For Amazon Web Services (AWS), there are Windows and Bash installations of the AWS Command Line Interface (CLI) that provide an interactive "aws-shell" environment from which you can issue commands to manage S3 instances and transfer files, as well as managing EC2, SNS and SQS instances. The Windows installer just creates a Bash-like interface, so now that WSL is available, I would recommend installing that version from the start. Heads up that it requires installing Python and the pip package manager first, but that's easily handled:
sudo apt-get install python-pip
sudo pip install aws-shell
As an alternative, AWS Tools for Windows PowerShell provides a Windows-native command-line interface to all of the AWS resources and services available to the AWS SDK for the Microsoft .NET Framework. And now, thanks to Microsoft open sourcing PowerShell, you can take these tools and the scriptable PowerShell environment to Linux or Mac OS. For an overview of the translation between AWS cmdlets and API resources, be sure to check out "Mapping Cmdlets to AWS Service APIs" by Steve Roberts over on the AWS .NET Development blog.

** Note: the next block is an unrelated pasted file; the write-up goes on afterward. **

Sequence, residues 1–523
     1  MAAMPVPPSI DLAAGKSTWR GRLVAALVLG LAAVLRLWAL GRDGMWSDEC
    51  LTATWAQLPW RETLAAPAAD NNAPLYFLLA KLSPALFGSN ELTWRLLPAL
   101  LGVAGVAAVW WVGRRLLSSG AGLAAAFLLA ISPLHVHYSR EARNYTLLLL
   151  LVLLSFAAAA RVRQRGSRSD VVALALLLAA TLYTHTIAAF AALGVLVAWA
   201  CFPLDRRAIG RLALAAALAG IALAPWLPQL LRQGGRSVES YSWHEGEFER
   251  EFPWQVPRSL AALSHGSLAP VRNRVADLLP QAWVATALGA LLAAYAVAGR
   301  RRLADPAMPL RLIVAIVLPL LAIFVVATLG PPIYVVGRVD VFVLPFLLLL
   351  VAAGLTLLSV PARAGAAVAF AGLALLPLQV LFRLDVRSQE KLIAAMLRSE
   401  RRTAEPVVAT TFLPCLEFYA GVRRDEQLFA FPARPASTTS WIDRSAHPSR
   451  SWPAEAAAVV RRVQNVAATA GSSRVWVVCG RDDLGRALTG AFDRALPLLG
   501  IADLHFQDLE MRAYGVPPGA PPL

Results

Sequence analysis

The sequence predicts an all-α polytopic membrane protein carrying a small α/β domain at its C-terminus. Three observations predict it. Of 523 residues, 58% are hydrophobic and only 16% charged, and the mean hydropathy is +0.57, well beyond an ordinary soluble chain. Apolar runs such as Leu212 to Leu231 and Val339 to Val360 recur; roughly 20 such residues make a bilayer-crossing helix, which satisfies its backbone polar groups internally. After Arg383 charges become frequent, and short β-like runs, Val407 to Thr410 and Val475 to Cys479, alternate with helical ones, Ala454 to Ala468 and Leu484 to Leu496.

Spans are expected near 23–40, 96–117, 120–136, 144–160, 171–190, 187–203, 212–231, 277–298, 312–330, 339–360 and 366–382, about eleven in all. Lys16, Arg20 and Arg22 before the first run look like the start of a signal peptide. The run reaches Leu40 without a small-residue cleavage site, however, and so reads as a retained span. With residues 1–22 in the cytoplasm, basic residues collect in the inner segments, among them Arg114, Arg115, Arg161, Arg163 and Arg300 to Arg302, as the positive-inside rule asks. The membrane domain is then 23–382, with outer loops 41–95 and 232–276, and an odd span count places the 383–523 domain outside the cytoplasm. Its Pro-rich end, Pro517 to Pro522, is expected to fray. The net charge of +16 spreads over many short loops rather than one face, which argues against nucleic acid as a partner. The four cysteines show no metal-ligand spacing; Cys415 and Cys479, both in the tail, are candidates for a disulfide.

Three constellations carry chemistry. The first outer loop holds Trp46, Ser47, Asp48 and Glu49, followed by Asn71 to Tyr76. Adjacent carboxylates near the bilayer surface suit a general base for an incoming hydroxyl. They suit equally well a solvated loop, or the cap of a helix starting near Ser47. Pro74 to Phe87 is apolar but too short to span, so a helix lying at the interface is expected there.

Yet another option is SAWS: A Supercharged AWS Command Line Interface that brings the AWS CLI tools right into your familiar Windows command prompt using the same commands and syntax, but adding features including auto-completion of commands, options, bucket names, instance IDs and instance tags, customizable shortcuts, and syntax highlighting.
For Azure, the Microsoft Azure PowerShell package of cmdlets for developing, deploying and managing Azure applications through the command prompt has been around for a while.